The other game currently in development (Project: Lightning Sword) is a more complex resource management, unconventional deck building, and castle defense style card game. There are also plans for a board game and an RPG game setting, both also based in Eldinar.

Is there anything else that you think potential players should know about Master of Spies?

It is quick and fun…easy to learn….good for the family or for your hard-core gaming pals.

Collectively, we have played the game 100’s of times, for play testing, demoing at cons, showing family members during the holidays, etc., and we still enjoy playing. Every game is different because the tactics and styles of the different players combined with the randomness of the cards makes each game session different. Plus with no “player elimination” mechanic, everyone is still in the game and, with a cleverly played card, could potentially pull off a win in the last round.

Interested? The Kickstarter for Master of Spies runs for another two weeks; head over to their page for play footage and even more details!
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NomNoms: Epic Gingerbread (Two Ways)

Say what? A non-This-Week-in-Geekdom post? I'm getting to the point in this not-semester's worth of studying where burnout is beginning to loom large. The brain takes in a tableau of equations for the umpteenth time, turns in on itself and meekly requests, "Could we please just not right now?"

It's been...ehm...a few years since undergrad, but I've found that I revert readily to what had once been tried-and-true study break behavior. This primarily takes the form of baking; it's edible chemistry! It's also a great way to address any and all cravings. In my case, it was the desire for the deep, spice-laden flavor of gingerbread even though the holidays have come and gone. The following recipes both began at one of my favorite online purveyors of make-your-own deliciousness,, and got a few tweaks partially borne from chemistry and partially due to the availability of ingredients I had on hand.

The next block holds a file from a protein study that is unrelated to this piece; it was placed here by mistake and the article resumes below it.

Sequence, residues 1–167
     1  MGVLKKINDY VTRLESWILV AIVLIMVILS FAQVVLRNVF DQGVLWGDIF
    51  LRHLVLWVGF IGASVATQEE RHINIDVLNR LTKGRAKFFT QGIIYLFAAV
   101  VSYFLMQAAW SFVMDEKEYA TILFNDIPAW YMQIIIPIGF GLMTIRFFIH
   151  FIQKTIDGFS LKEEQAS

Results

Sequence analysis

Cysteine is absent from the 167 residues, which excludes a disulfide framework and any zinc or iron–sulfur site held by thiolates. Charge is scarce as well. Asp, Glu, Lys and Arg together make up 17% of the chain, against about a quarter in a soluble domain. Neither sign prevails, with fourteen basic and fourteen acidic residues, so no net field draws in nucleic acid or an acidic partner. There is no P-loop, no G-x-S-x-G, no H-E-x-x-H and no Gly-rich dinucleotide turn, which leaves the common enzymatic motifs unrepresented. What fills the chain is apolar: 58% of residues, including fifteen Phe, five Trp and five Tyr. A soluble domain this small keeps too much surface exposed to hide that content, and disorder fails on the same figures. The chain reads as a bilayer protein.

Both recipes are a little involved, but yield some seriously bold, fluffy, cakey gingerbread. Bonus: your kitchen will be redolent with awesome for several hours post-baking. 

Difficulty: Medium
Availability of Ingredients: Common
Gadgetry: None
Feeds: 6-10 nerds
Time Till Noms: 60-75 minutes, but at least 30-35 of those minutes are passive while the gingerbread bakes.
Required Equipment: A saucepot, a large glass or other heatproof bowl, a heatproof mixing spoon, measuring cups, measuring spoons, a large glass or metal baking pan.
Optional Equipment: A spice grater, a sifter

1 cup of water
1.5 teaspoons of baking soda
8 Tablespoons of unsalted butter, plus a few more if you're using them to grease your pans.
2/3 cup of brown sugar 
1 cup unsulfured molasses (not blackstrap)
2.5 cups flour, plus a little more if you're using it to flour your pans
2 large eggs brought to room temperature
2 teaspoons ground ginger
1.5 teaspoons ground cinnamon
0.5 teaspoons ground cloves
0.5 teaspoons ground nutmeg 
0.5 teaspoons of salt
2 teaspoons baking powder
A small quantity of confectioner's sugar for dusting over the finished bread
Parchment paper or cooking spray
1 Tablespoon of freshly ground ginger (optional)

*heat your oven to 350 degrees (176.67 Celsius) 

Step 1) Line your baking dish with parchment paper, then butter and flour the dish. Alternatively, you can coat it liberally with your cooking spray. If you're using spray, you may want to give the measuring cup that will be holding the molasses a spritz, as this will help release all of the sticky goodness later. Cut the remaining butter into small chunks and, if you haven't already, bring your eggs out so they can come up to room temperature.

Step 2) In your saucepot, bring the water to a rapid boil, then add your baking soda. This will produce a fun fizzy/foamy reaction for a few seconds. Woo, chemistry! Remove the water/soda mixture from the heat source and leave it to stand for five minutes.

Step 3) Once your soda-water has settled, add your butter into the mix and swirl everything together until the butter has completely melted. From here, add the brown sugar and molasses and stir until you have a nice, homogeneous mixture. If you're using fresh ginger, now would be the time to grate that over your saucepan and incorporate that into the mixture.